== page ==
Original Article

The Pharmacogenomics Journal (2010) 10, 347–354; doi:10.1038/tpj.2010.27

Assessment of variability in GWAS with CRLMM genotyping algorithm on WTCCC coronary artery disease

L Zhang1, S Yin1, K Miclaus2, M Chierici3, S Vega4, C Lambert5, H Hong6, R D Wolfinger2, C Furlanello3 and F Goodsaid1

  1. 1Genomics Group, Office of Clinical Pharmacology, Center for Drug Evaluation and Research, FDA, Silver Spring, MD, USA
  2. 2SAS Institute, Cary, NC, USA
  3. 3Fondazione Bruno Kessler, Trento, Italy
  4. 4Health Solutions Group, Microsoft (formerly Rosetta Biosoftware), Redmond, WA, USA
  5. 5Golden Helix, Bozeman, MT, USA
  6. 6National Center for Toxicological Research, FDA, Jefferson, AR, USA

Correspondence: Dr F Goodsaid, Genomics Group, Office of Clinical Pharmacology, Center for Drug Evaluation and Research (CDER), Food and Drug Administration, WO51 Rm2148 HFD-870, 10903 New Hampshire, Silver Spring, MD 20903, USA. E-mails: federico.goodsaid@fda.hhs.gov and li.zhang@fda.hhs.gov

Received 14 December 2009; Revised 28 February 2010; Accepted 9 March 2010.

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Abstract

The robustness of genome-wide association study (GWAS) results depends on the genotyping algorithms used to establish the association. This paper initiated the assessment of the impact of the Corrected Robust Linear Model with Maximum Likelihood Classification (CRLMM) genotyping quality on identifying real significant genes in a GWAS with large sample sizes. With microarray image data from the Wellcome Trust Case–Control Consortium (WTCCC), 1991 individuals with coronary artery disease (CAD) and 1500 controls, genetic associations were evaluated under various batch sizes and compositions. Experimental designs included different batch sizes of 250, 350, 500, 2000 samples with different distributions of cases and controls in each batch with either randomized or simply combined (4:3 case–control ratios) or separate case–control samples as well as whole 3491 samples. The separate composition could create 2–3% discordance in the single nucleotide polymorphism (SNP) results for quality control/statistical analysis and might contribute to the lack of reproducibility between GWAS. CRLMM shows high genotyping accuracy and stability to batch effects. According to the genotypic and allelic tests (P<5.0 × 10−7), nine significant signals on chromosome 9 were found consistently in all batch sizes with combined design. Our findings are critical to optimize the reproducibility of GWAS and confirm the genetic role in the pathophysiology of CAD.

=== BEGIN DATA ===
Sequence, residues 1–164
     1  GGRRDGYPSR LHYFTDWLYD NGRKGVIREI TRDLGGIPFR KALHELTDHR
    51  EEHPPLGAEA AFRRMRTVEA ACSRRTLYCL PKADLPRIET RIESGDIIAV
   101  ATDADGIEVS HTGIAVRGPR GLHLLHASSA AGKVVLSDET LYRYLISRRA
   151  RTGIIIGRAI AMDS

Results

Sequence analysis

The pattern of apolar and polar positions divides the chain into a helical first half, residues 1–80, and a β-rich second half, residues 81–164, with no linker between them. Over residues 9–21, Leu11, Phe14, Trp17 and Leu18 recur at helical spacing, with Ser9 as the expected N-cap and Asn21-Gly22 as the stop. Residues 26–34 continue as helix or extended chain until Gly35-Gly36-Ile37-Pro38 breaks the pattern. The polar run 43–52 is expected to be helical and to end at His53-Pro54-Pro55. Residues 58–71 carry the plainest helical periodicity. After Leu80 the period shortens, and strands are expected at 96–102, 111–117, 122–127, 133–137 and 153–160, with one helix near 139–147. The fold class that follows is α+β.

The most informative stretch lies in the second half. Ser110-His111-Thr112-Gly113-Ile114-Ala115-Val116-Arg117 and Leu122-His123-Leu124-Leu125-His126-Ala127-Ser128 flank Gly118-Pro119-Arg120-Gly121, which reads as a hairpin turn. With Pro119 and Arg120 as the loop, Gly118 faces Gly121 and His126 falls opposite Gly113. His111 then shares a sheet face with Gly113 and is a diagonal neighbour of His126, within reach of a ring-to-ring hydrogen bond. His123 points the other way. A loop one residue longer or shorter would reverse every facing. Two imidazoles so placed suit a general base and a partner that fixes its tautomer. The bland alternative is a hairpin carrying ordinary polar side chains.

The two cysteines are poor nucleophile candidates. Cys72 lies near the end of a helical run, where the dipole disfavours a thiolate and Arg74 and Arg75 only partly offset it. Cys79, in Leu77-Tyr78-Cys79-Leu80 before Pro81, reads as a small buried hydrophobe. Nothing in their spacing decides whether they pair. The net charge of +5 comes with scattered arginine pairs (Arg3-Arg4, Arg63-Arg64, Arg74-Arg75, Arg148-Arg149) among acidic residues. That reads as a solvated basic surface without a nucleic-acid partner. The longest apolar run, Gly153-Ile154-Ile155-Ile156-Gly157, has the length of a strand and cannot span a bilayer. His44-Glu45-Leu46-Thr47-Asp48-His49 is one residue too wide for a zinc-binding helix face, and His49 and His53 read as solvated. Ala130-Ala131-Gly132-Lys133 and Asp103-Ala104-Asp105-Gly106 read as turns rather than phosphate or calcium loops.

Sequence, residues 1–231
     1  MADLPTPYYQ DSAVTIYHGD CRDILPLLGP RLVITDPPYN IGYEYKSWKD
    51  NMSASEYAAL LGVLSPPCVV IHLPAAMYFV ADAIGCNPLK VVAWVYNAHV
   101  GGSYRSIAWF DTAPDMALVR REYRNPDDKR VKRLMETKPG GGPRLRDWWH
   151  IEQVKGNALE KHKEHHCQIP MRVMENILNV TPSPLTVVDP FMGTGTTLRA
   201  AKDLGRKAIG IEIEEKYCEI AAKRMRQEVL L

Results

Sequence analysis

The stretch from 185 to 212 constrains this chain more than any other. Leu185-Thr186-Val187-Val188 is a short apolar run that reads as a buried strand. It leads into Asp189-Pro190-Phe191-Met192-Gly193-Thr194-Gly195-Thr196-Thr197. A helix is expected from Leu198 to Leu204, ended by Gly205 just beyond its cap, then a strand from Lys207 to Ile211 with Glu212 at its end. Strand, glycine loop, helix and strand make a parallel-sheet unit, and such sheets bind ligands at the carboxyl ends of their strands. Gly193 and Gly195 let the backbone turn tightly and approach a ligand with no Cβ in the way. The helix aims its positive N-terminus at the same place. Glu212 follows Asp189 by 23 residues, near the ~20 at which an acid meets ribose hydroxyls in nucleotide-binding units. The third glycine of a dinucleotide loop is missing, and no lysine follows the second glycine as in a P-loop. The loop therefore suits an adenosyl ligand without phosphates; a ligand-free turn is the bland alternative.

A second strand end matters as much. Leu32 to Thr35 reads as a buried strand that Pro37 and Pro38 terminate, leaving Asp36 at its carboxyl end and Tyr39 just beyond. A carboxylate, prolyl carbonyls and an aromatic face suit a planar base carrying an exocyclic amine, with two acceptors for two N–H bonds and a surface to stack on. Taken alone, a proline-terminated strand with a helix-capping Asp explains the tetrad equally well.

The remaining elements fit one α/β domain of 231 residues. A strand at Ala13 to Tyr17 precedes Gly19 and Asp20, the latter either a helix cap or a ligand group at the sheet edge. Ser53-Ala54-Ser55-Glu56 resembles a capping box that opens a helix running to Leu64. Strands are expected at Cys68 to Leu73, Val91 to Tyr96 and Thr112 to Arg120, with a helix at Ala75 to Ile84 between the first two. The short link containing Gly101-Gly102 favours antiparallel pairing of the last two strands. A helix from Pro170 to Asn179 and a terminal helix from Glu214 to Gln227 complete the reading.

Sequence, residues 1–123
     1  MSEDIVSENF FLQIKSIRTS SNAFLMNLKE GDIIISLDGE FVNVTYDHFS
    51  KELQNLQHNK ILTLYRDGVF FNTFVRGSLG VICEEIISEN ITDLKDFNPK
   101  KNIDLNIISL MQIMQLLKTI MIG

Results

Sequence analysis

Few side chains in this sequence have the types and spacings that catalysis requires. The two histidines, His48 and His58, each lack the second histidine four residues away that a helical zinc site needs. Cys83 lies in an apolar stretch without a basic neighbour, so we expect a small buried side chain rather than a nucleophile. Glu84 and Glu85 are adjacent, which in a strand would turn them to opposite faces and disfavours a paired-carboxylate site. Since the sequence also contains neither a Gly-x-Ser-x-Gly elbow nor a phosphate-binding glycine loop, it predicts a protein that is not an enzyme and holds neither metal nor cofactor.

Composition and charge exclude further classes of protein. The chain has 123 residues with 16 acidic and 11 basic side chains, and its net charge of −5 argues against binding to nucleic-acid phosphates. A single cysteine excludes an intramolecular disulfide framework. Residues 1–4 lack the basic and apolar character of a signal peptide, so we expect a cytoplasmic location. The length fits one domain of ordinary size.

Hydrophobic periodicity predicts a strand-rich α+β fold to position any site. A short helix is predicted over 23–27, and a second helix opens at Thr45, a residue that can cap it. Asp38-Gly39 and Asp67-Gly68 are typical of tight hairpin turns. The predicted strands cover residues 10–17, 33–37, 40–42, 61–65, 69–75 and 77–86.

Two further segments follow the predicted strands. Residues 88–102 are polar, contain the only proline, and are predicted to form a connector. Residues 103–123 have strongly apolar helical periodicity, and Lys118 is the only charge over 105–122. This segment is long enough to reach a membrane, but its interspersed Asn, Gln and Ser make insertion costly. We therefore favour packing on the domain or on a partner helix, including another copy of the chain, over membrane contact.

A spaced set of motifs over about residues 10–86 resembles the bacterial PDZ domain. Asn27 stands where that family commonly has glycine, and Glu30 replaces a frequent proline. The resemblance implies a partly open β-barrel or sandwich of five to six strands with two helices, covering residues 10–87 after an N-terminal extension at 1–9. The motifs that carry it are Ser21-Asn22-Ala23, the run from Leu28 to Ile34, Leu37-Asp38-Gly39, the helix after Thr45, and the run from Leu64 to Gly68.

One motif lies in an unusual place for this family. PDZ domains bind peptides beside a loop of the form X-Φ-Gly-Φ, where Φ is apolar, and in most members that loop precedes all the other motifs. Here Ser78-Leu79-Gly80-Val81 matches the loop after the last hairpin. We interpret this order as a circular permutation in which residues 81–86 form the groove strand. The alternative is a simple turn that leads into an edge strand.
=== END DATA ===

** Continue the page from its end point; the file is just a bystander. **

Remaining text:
Keywords:

CRLMM; GWAS; WTCCC; CAD; robustness; accuracy